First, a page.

Even more radical is "Evening," a work that makes no reference at all to the landscape but instead records the movement of O'Keeffe's paintbrush, which she used in an attempt to capture a state of mind. The same kind of reliance on the physical act of painting itself is seen in the incredible "Grey Abstraction (Train in the Desert)," which comprises interlocking arching smears that look like finger painting.

In addition to these remarkable watercolors, DAM has assembled its own collection of O'Keeffes--mostly oil paintings--and put them on display on the sixth floor. Also on view is a display of photographs entitled "The Permanent Presence" that includes portraits of O'Keeffe by the likes of Ansel Adams and Yousuf Karsh.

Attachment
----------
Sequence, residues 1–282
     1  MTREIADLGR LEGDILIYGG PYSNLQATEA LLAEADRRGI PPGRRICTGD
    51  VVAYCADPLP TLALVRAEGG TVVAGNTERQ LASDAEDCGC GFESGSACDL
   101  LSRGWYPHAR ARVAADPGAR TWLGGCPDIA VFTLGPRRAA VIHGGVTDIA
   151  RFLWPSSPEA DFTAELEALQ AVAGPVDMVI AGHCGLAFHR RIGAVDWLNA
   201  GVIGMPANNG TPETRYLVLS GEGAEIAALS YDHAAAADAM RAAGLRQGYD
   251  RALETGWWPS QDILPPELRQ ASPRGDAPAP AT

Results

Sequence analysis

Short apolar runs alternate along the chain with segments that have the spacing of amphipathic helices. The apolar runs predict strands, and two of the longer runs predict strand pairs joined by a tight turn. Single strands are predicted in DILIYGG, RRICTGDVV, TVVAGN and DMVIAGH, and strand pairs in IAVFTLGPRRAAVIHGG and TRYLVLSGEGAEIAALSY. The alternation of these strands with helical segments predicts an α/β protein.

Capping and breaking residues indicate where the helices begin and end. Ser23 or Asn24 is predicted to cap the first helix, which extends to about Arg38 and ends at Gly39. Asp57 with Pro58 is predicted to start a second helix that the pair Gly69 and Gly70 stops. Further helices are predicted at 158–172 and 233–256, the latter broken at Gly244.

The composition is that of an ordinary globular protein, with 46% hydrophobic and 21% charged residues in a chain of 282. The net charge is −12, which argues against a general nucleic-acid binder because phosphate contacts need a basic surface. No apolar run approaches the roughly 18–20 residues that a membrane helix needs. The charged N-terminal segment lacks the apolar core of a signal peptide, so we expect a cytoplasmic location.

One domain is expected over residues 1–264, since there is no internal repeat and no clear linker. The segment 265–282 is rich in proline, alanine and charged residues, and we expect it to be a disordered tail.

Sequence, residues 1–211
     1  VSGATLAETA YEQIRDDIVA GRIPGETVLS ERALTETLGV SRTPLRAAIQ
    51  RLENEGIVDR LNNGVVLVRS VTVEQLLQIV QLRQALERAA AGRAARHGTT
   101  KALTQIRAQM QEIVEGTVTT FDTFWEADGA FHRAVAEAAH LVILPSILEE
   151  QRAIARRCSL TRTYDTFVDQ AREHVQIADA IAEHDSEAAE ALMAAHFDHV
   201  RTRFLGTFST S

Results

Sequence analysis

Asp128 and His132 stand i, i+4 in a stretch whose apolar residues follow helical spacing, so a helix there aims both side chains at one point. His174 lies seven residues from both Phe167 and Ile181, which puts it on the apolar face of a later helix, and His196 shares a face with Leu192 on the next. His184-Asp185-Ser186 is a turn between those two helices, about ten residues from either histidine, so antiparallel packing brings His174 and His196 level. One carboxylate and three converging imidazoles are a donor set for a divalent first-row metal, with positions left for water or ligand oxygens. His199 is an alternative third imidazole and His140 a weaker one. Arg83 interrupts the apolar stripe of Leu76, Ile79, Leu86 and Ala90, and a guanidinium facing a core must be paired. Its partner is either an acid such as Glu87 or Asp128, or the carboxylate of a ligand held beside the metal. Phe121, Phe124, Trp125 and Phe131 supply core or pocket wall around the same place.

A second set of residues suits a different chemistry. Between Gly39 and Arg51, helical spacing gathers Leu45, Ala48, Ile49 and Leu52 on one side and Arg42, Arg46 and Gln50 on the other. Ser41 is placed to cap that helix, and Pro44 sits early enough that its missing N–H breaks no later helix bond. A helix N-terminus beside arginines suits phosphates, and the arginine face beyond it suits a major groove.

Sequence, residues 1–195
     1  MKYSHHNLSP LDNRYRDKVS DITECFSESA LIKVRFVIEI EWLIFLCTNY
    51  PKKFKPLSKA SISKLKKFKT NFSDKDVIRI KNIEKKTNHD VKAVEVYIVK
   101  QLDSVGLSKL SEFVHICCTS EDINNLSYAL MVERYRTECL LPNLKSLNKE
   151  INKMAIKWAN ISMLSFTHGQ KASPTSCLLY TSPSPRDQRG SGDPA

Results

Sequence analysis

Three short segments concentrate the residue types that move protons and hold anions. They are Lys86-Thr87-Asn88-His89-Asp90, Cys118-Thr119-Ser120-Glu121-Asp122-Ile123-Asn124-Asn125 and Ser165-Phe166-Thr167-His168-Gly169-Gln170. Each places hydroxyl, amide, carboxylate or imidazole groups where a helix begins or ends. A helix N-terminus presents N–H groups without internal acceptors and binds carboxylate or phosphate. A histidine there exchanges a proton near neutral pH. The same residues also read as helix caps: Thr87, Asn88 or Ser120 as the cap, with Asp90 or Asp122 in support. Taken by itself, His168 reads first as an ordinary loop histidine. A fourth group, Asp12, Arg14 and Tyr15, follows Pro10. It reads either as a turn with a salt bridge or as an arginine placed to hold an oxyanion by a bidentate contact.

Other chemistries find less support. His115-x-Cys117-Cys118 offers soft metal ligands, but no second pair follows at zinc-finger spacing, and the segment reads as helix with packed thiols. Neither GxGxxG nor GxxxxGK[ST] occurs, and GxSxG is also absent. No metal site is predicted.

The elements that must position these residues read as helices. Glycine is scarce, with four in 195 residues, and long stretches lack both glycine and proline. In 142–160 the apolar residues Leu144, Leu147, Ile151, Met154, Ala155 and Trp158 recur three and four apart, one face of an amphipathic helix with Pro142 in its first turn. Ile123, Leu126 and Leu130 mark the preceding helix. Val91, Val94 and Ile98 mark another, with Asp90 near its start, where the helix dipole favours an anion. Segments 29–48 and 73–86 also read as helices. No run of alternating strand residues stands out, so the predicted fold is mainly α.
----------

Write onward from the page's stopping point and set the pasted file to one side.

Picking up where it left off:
That O'Keeffe was not just an artist but a subject for artists is the topic of the perfect chaser for all of this museum mania: a photo exhibition around the corner at Camera Obscura Gallery. O'Keeffe at Abiquiu brings together a series of black-and-white photographs of O'Keeffe and her New Mexico environs taken in 1980 by one of the greatest photographers to have worked in Colorado, Myron Wood. Now confined to a wheelchair since a series of strokes forced his retirement, Wood saw the spirit of O'Keeffe in everything he shot, from the doors held shut by sticks to the rocks she had laid everywhere.

Together with the Canyon Suite at the DAM, the impressive O'Keeffe at Abiquiu serves only to bolster the O'Keeffe myth--and to leave Georgia on your mind.

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